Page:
While the world obsessed over the ever-lengthening list of cultural icons who died in 2016, I think we might have missed the most significant casualty: The truth.
Like many, by the end of December I was distracted in that “who’s next?” way by the sudden sad deaths of Carrie Fisher and her mother, Debbie Reynolds. I was also kept busy with US Secretary of State John Kerry’s swan-song speech against the settlements, the Israeli government, and his tenuous hold on the Middle East reality – not to mention UN Security Council Resolution 2334, which made it almost impossible for a Jew to live in Jerusalem and pray at the Western Wall without being considered “in flagrant violation of international law.”
So perhaps I can be excused for failing to note that 2016 can be fittingly summed up in the hyphenated term “post-truth,” chosen by Oxford Dictionaries as their Word of the Year.
It is defined as an adjective: “Relating to or denoting circumstances in which objective facts are less influential in shaping public opinion than appeals to emotion and personal belief.”
If truth be told, and apparently it doesn’t have to be, Oxford Dictionaries announced their Word of the Year in November, not last month, but it felt more recent to me and you can’t argue with that.
In case you were wondering, their word of the year for 2015 wasn’t a word at all but the “Face with Tears of Joy” emoji, which I have yet to use. I’ve barely caught up with 2014’s “selfie” phenomenon, and I’m very concerned about where this is all leading, although relieved my frequent use of the word “I” should not be challenged.
According to their own undoubted definition, “The Oxford Dictionaries Word of the Year is a word or expression chosen to reflect the passing year in language. Every year, the Oxford Dictionaries team reviews candidates for word of the year and then debates their merits, choosing one that captures the ethos, mood, or preoccupations of that particular year. Language research conducted by Oxford Dictionaries editors reveals that use of the word post-truth has increased by approximately 2,000% over its usage in 2015.”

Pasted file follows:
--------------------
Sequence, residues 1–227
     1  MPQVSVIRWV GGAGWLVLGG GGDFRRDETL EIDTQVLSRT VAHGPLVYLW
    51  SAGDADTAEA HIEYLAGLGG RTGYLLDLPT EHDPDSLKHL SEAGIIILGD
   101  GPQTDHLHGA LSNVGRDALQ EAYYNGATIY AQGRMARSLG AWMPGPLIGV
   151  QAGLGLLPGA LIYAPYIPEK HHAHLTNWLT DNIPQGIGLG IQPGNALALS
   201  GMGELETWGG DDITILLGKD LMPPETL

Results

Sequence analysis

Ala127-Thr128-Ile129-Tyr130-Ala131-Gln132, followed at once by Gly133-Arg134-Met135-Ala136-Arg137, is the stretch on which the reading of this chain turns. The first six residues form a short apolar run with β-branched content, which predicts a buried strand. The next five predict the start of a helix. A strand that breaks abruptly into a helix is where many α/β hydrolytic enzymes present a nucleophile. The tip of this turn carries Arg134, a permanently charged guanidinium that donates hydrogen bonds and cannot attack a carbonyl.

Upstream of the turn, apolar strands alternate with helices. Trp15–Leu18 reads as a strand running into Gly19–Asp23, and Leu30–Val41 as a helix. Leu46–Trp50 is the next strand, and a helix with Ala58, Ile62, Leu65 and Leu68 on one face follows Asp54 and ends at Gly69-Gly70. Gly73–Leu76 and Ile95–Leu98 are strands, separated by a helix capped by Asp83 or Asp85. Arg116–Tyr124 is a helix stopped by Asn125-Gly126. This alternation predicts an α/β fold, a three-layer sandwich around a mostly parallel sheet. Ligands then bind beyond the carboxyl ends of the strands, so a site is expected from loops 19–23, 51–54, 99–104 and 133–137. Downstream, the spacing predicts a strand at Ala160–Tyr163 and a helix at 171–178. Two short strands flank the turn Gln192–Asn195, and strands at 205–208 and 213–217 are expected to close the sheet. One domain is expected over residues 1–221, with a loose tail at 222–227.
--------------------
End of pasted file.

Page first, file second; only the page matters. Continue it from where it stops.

I’ll mourn the passing of the need for truth more than I mourn the passing year.
The good people at Oxford Dictionaries noted in their announcement that: “The compound word post-truth exemplifies an expansion in the meaning of the prefix post- that has become increasingly prominent in recent years. Rather than simply referring to the time after a specified situation or event – as in post-war or post-match – the prefix in post-truth has a meaning more like ‘belonging to a time in which the specified concept has become unimportant or irrelevant.’ This nuance seems to have originated in the mid-20th century, in formations such as post-national (1945) and post-racial (1971).
“‘It’s not surprising that our choice reflects a year dominated by highly-charged political and social discourse,’ says Casper Grathwohl, president of Oxford Dictionaries. ‘Fuelled by the rise of social media as a news source and a growing distrust of facts offered up by the establishment, post-truth as a concept has been finding its linguistic footing for some time.’”
Grathwohl explains that the frequency of usage of the term spiked in June following the UK’s Brexit vote on its EU membership (Brexit was itself shortlisted as a possible word of the year) and again in July when Donald Trump secured the Republican presidential nomination.